University of North Florida
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Stuart Chalk, Ph.D.
Department of Chemistry
University of North Florida
Phone: 1-904-620-1938
Fax: 1-904-620-3535
Email: schalk@unf.edu
Website: @unf

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Marine

Classification: Environmental -> sediment -> marine

Citations 7

"Sequential Injection Analysis System For Determination Of Mercury By Cold Vapor Atomic Absorption Spectroscopy"
Anal. Chim. Acta 1997 Volume 355, Issue 2-3 Pages 203-210
F. M. Bauzá de Mirabóa, A. Ch. Thomasa, E. Rubíb, R. Fortezaa and V. Cerdàa,*

Abstract: A sequential injection system is proposed for the determination of mercury by cold vapor atomic absortion spectrometry. Both the sample and the reagent are sequentially aspirated using a Crison automatic Compact Titrator and impelled into a gas-liquid separation cell. Once there, a N2 flow sweeps the reduced mercury into a measuring cell of an atomic absortion spectrometer. The system proposed allows the detection of mercury in addition to data acquisition and treatment in an automatic way. The linear calibration range ranges between 2 and 50 ug L-1 Hg, the detection limit being 0.34 ug l-1. The relative standard deviation of the method is 0.95% when 0.8 mL of 25 ugl-1 Hg is aspirated. The sampling rate allowed by this method is 30 injections per hour. The proposed method has been applied to different certified fish and marine sediment samples for which satisfactory results were obtained.
Mercury Spectrophotometry Sequential injection Volatile generation

"Determination Of Cadmium By Flow Injection Isotope-dilution Inductively Coupled Plasma Mass Spectrometry With Vapor-generation Sample Introduction"
J. Anal. At. Spectrom. 1997 Volume 12, Issue 5 Pages 579-584
TARN-JIUN HWANG and SHIUH-JEN JIANG

Abstract: The sample (0.1 ml) is injected into a carrier stream of 2% thiourea/0.0002% Co solution in 0.1 M HCl (4.8 ml/min), which then merges with a stream of 4% NaBH4 solution in 0.1 M NaOH (2.4 ml/min) for passage to a gas-liquid separator that consists essentially of a vessel (diagram presented), containing 120 glass beads (5 mm diameter), from which the Cd-containing vapor is carried to the ICP by a stream of Ar. Interference from MoO+ and ZrO+ is thereby alleviated. Sample-preparation procedures are described for sediments, urine and water, in which 111Cd is added as the tracer; the result is calculated by use of the equation proposed previously (Ibid., 1996, 11, 353). The detection limit is 26 pg/ml of Cd. Recoveries of 5 ng/ml of Cd added to standard refence waters were quantitative, and the results for standard reference freeze-dried urine and marine sediments agreed well with the certified values.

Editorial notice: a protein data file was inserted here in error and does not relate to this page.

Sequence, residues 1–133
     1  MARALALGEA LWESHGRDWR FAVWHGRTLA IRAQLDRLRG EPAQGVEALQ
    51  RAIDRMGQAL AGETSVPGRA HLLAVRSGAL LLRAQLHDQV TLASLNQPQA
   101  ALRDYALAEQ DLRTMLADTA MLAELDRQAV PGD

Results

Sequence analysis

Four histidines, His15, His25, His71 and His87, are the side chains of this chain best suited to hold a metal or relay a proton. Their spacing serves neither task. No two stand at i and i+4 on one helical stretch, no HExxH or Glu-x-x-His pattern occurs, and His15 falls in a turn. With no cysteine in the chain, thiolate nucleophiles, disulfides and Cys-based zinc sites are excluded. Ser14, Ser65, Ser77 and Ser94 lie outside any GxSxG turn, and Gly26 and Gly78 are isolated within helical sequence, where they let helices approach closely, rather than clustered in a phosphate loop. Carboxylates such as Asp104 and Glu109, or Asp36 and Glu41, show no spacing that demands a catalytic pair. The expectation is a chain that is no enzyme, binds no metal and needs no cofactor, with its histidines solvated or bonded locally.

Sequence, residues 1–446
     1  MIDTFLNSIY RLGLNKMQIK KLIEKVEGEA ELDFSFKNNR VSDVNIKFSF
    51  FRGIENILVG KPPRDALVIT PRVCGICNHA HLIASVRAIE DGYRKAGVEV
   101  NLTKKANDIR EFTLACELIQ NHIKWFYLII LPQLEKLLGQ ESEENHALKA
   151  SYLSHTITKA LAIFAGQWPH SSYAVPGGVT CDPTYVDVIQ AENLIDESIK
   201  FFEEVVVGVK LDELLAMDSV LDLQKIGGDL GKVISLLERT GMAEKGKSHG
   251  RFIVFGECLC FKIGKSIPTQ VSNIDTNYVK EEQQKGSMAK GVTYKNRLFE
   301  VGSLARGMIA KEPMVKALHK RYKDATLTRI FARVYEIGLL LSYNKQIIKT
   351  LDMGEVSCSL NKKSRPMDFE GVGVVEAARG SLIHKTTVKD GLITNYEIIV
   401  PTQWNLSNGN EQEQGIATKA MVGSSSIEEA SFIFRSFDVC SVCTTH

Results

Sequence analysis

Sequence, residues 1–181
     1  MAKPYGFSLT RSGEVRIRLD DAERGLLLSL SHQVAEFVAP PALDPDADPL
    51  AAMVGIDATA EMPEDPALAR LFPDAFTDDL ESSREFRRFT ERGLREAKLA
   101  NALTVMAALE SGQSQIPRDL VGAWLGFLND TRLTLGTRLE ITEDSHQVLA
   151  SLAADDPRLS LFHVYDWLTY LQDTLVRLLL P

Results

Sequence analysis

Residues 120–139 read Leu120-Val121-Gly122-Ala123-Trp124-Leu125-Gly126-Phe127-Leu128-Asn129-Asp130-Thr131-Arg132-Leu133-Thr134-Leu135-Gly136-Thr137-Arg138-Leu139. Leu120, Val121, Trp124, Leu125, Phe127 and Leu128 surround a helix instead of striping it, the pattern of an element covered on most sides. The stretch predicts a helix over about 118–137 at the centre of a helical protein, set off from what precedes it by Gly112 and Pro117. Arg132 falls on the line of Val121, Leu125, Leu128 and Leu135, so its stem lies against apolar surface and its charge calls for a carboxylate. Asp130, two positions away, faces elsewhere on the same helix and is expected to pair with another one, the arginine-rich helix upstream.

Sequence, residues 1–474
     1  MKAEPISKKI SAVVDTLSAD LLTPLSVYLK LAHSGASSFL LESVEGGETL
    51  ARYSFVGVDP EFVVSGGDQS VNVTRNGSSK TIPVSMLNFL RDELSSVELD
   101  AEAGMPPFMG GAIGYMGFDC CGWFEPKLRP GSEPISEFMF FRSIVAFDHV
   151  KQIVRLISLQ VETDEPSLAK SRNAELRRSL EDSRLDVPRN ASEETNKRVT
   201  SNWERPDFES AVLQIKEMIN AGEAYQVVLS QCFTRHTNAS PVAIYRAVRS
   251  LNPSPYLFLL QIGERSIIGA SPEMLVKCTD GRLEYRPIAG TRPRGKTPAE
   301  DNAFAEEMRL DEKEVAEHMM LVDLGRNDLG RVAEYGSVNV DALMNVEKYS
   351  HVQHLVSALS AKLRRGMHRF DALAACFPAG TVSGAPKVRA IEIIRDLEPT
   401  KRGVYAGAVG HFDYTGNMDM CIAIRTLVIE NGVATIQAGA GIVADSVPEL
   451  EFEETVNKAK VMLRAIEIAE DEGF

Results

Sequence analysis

Cadmium Mass spectrometry Mass spectrometry Detection limit Interferences Isotope ratio Reference material Glass beads Volatile generation Volatile generation

"Sequential Determination Of Tin, Arsenic, Bismuth And Antimony In Marine Sediment Material By Inductively Coupled Plasma Atomic Emission Spectrometry Using A Small Concentric Hydride Generator And L-cysteine As Prereductant"
Fresenius J. Anal. Chem. 1998 Volume 361, Issue 2 Pages 155-157
Y.-L. Feng A, H.-Y. Chen A, H.-W. Chen A, Li-Ching Tian

Abstract: A hydride generation system using a small concentric hydride generator combined with inductively coupled plasma atomic emission spectrometry (ICP-AES) was established to determine tin, arsenic, bismuth and antimony in a marine sediment material with L-cysteine as a pre-reductant. Influences of concentrations of three kinds of acids (HCl, HNO3 and HClO4), L-cysteine, and sodium tetrahydroborate(III) as well as sodium hydroxide were investigated. The interferences from transition ions were found to be insignificant for determination of the four elements in presence of L-cysteine. Under optimized conditions the detection limits were 0.6 ng/mL for arsenic(III), 0.8 ng/mL for antimony(III), 1.7 ng/mL for tin(IV), and 1.2 ng/mL for bismuth(III). The method was applied to determine the four elements in standard marine sediment materials and the results were in agreement with certified values.